The machine had kicked up this big bone, and everyone stood around starring at it speculating on what it was to and when it had been deposited there. I recall someone identifying it as a "dinosaur bone," and explaining that this area of fertile dirt had once been a great “pine” forest where these dinosaurs had often gotten stuck body-deep in a sea of pitch. I am not sure about all that now, for my guess is that these mastodons were caught in a glacial flow in the Ice Age and were eventually left behind like all the fertile soil that is still so striking. After the repeated passes of a disc harrow that soil looks as black as coal and as fine as coffee grounds. Whatever became of the bone, or whether there were others uncovered later that day I never knew, but the idea of mastodons roaming around Pine Island in the past initiated much daydreaming.

Scientists tell us that the mastodon lived in the last periods, the Holocene and Pleistocene, of the Ice Age dating as far back as 1.75 million years ago to as recently as tens of thousands of years ago, so Museum Village’s, Charles Willson Peale’s, and my mastodon were the last examples of a period of such giants that extended the onset date of life in North America back some 250 million years. These were the first Americans, and that one I saw so many years ago was among the first Warwickians, or Pine Islanders (Ivanov 300, 305).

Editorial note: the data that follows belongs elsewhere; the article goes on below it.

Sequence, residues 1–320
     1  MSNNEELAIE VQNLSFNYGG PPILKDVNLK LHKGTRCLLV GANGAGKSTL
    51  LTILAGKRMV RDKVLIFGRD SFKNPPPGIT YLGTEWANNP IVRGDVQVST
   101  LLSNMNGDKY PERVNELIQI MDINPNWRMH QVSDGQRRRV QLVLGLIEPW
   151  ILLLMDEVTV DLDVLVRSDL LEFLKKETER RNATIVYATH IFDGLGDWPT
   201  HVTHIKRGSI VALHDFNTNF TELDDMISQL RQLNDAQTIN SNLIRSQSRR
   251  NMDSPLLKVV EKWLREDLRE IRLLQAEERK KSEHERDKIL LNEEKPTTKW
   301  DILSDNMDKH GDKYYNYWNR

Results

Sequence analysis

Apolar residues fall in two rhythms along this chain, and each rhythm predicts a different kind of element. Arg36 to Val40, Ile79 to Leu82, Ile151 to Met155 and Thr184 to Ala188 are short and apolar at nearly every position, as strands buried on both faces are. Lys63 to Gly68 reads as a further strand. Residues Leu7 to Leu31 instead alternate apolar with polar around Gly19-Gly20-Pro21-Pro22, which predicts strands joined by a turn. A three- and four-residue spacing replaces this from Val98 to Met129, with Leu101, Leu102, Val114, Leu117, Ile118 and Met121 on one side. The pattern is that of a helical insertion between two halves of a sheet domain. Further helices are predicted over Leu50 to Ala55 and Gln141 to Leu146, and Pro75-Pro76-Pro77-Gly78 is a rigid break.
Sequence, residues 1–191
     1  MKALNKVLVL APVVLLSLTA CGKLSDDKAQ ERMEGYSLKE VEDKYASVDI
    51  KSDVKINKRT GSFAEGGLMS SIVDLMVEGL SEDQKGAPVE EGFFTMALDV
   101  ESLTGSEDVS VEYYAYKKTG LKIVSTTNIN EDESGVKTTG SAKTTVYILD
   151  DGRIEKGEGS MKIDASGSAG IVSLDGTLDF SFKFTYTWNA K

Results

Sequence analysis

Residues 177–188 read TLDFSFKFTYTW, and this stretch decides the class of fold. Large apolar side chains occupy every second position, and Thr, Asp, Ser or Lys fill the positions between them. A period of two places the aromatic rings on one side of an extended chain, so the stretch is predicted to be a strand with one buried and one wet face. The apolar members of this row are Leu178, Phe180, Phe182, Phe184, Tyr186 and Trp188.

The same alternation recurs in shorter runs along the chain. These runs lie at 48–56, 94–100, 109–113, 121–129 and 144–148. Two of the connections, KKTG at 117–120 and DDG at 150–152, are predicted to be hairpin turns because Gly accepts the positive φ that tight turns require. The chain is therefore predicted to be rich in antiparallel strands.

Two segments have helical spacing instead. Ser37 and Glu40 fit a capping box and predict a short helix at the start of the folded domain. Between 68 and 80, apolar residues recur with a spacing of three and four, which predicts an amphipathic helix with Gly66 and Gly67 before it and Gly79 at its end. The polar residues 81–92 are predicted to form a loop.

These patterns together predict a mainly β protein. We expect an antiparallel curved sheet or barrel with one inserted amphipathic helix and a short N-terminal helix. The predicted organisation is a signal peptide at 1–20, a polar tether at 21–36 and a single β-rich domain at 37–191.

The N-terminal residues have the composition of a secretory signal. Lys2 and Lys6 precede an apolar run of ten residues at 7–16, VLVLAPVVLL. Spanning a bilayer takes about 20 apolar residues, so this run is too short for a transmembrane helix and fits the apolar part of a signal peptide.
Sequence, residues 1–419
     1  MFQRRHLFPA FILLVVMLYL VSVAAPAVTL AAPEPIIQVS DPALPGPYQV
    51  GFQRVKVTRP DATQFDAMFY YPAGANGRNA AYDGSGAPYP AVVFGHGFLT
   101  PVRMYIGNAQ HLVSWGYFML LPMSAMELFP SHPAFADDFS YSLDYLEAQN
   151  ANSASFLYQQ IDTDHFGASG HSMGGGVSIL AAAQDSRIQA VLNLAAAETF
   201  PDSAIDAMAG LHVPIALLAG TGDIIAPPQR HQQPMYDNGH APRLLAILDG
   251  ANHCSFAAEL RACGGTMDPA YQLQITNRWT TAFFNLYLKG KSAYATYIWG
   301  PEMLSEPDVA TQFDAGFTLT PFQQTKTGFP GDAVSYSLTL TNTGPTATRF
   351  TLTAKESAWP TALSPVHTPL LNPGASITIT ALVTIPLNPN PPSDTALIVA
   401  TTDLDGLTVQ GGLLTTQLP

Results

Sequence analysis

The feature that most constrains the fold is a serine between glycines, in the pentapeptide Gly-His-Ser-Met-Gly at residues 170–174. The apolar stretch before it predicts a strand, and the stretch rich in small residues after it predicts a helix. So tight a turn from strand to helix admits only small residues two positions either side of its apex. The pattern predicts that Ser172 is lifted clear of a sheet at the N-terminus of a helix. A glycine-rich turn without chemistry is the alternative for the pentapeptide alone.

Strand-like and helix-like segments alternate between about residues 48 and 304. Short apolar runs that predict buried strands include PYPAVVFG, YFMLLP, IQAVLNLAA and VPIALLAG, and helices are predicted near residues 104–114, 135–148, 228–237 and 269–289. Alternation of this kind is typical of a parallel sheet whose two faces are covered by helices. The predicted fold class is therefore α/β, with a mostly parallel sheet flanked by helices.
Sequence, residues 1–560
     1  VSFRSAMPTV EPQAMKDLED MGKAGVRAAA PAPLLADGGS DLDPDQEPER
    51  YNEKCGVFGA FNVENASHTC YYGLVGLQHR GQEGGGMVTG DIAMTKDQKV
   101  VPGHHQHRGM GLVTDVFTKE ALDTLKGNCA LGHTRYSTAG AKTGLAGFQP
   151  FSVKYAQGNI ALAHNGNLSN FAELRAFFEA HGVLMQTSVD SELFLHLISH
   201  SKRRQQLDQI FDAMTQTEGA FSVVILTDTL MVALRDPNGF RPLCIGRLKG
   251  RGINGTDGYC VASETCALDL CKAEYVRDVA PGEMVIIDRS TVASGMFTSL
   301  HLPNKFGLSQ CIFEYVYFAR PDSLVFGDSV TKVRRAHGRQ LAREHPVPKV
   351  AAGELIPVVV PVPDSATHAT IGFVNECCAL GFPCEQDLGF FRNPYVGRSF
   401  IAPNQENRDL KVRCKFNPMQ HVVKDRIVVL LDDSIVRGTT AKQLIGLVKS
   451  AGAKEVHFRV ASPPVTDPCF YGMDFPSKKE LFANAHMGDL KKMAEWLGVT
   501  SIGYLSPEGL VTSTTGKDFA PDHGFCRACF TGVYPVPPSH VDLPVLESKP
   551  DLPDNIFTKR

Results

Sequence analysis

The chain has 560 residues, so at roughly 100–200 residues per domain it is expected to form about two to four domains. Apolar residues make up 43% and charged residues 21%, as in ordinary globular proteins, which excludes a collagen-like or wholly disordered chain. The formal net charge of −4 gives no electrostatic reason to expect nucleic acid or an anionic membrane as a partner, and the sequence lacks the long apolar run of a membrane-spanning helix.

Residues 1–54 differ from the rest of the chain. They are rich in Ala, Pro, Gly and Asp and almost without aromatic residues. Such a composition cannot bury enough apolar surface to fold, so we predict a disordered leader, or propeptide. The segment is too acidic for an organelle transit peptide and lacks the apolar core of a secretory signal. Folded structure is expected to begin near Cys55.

Along with these early memories, I have come to think of the mastodon itself as inseparably linked with this nation’s task of constructing its own unique identity after gradually shedding the skin of its colonial antecedents in the post-revolutionary era. Charles Willson Peale’s exhumation of that fossilized beast in Newburgh, NY at the beginning of the nineteenth century was a benchmark in the ever evolving revelation of nature’s wonders and beauty. It was America’s wilderness beauty and the surviving remnants of an idealized primordial past that lent much to this nation’s early art and subsequently the formulation of an American cultural identity in the nineteenth century.